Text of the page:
The Psychology of the Hero

As the mythologist Joseph Campbell pointed out, all cultures on the earth have produced hero stories, and many of the same recognizable motifs recur from one to the other. Religions have been built upon them; people have fought and died for them since time immemorial. What's always fascinated me about these myths is the psychology of the hero. What spurs a man or woman to venture out beyond the proscribed boundaries of society in order to face the unknown?
One factor that I've discovered time and again - and this could apply as much to a modern musician that I may be intrigued by as it does to a hero from myth or antiquity - is that such a person is deeply dissatisfied with the status quo, the mental climate of his or her surrounding culture. That lack of satisfaction provides the necessary impetus for the hero to undertake the journey. To put it bluntly, this is probably necessary due to basic human complacency. When life is pleasant we tend to settle into contentment and routine and don't ask - or seek answers to - the deeper questions regarding human existence. It's only when we're in pain that we're motivated to start questioning the greater entities in life. This is why the "suffering artist" is such a recurring phenomenon.
The folklore surrounding the tribal shaman succinctly illustrates the way in which the hero is set apart from normal society and then undertakes the journey to recover something that is missing and sorely needed. Shamans commonly weathered traumatic experiences at least twice in their lives: once in childhood and then again in adolescence. These traumas altered the trajectories of their lives, so that they were denied many of the pleasures and satisfactions enjoyed by their brethren but were also opened up to dimensions of experience that the common man is typically blind to. Essentially, shamans had to be wounded before they could become healers.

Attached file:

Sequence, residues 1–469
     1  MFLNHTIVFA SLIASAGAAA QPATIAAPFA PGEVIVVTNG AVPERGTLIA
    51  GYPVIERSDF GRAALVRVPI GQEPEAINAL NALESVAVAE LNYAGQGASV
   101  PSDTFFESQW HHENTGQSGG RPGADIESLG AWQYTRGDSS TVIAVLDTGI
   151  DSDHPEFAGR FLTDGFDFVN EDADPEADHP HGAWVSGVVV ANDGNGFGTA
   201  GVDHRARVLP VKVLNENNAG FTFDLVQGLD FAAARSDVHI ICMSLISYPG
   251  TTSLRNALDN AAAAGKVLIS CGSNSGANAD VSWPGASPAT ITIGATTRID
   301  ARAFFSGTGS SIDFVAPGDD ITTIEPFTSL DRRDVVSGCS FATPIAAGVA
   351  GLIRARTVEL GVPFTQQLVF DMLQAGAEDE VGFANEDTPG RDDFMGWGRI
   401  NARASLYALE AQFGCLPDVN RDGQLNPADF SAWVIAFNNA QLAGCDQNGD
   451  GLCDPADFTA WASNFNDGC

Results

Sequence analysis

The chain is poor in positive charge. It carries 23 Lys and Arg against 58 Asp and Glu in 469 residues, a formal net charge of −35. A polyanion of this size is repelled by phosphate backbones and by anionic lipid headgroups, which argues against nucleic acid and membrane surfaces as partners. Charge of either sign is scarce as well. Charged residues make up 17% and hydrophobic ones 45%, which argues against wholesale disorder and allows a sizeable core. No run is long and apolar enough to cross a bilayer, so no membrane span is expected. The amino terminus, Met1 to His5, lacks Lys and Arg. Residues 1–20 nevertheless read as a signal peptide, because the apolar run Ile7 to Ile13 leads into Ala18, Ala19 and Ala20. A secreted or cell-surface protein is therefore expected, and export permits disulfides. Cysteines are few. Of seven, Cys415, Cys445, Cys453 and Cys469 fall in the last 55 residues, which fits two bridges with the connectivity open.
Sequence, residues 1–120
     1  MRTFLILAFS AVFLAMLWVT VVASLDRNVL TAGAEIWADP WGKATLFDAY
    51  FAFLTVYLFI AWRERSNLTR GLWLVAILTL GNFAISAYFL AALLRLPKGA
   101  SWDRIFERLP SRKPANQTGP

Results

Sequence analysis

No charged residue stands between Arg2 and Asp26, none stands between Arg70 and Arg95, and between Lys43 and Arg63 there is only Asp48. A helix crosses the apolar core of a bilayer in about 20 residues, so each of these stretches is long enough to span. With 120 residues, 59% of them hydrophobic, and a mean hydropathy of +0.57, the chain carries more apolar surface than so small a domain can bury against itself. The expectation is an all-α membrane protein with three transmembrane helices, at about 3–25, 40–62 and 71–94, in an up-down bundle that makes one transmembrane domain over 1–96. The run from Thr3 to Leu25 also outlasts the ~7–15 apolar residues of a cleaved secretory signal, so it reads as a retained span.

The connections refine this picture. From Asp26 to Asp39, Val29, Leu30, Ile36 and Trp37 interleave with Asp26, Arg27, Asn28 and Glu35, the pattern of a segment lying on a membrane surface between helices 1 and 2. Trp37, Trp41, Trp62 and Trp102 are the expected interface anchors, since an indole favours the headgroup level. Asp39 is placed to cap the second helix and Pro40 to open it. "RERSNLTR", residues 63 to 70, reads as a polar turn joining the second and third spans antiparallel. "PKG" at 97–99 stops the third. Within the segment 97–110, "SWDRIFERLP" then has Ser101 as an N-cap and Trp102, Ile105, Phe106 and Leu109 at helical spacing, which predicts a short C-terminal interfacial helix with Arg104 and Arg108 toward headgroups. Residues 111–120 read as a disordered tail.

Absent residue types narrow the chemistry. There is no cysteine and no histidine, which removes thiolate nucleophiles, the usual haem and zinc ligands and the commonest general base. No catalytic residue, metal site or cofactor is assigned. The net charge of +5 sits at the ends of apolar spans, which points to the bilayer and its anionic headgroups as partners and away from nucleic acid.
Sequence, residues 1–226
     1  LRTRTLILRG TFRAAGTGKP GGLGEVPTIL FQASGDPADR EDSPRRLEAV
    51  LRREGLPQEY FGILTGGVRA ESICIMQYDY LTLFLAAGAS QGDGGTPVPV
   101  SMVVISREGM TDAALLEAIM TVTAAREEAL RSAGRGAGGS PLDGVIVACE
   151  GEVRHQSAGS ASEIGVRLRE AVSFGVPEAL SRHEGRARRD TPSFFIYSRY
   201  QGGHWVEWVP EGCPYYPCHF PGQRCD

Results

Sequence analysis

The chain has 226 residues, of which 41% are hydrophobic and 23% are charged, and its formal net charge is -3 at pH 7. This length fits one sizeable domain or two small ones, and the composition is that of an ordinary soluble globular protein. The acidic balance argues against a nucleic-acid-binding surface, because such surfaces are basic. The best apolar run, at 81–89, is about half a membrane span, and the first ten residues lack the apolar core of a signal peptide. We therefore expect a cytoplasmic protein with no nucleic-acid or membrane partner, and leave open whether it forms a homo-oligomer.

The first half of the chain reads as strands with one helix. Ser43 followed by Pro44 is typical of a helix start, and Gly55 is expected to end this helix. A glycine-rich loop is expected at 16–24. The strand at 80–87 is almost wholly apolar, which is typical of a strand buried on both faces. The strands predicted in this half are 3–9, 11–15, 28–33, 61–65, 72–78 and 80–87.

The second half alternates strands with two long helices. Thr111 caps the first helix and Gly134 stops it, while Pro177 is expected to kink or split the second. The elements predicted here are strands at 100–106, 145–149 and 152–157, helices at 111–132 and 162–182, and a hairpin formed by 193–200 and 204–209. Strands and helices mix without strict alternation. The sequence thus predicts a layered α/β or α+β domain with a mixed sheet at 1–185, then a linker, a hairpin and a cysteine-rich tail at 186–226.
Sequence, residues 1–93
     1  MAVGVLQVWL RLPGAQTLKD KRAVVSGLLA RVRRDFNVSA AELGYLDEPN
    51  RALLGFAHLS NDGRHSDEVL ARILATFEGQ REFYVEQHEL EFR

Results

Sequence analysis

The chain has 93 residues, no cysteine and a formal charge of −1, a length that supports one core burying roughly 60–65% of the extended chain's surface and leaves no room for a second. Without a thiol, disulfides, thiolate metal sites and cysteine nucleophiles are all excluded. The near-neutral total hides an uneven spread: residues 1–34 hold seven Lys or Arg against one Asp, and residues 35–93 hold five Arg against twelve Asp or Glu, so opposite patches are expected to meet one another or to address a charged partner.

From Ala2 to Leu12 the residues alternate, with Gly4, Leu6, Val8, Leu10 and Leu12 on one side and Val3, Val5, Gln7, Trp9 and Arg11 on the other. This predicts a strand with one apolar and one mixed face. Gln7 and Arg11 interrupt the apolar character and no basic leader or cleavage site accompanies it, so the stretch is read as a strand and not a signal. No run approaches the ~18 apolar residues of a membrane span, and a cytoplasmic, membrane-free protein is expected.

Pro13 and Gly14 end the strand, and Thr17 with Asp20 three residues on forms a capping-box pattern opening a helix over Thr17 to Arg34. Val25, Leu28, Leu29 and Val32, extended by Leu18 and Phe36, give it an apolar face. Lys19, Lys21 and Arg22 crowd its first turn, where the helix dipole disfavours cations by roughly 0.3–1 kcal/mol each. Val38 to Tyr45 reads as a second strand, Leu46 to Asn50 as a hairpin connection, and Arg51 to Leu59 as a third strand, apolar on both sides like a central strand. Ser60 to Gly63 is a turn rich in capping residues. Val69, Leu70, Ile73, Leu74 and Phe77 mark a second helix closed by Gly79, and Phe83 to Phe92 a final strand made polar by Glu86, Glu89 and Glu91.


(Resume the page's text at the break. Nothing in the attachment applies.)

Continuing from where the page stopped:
The motivation for the hero's journey, then, is primarily a desire to heal one's self. The healing of the tribe, society, or world at large occurs later and is in many cases an afterthought - or even unintentional. The hero's questions cannot be satisfied by the traditional beliefs and rituals surrounding him or her. Such a person must set out in search of personal revelation. That this revelation, once achieved, comes to be perceived as a "boon" to the rest of society suggests that the status quo is never as satisfying as it seems to be and that people are really longing for change even though they may fear it.
A hero can be defined as a person with an inner sense of reality and truth that finds no corresponding echo of itself in the surrounding culture. Lacking that affirmation, which might have brought a sense of belonging, the hero must venture forth alone to find it - and in the process, he or she will discover much that the rest of humanity has been unconsciously longing for.

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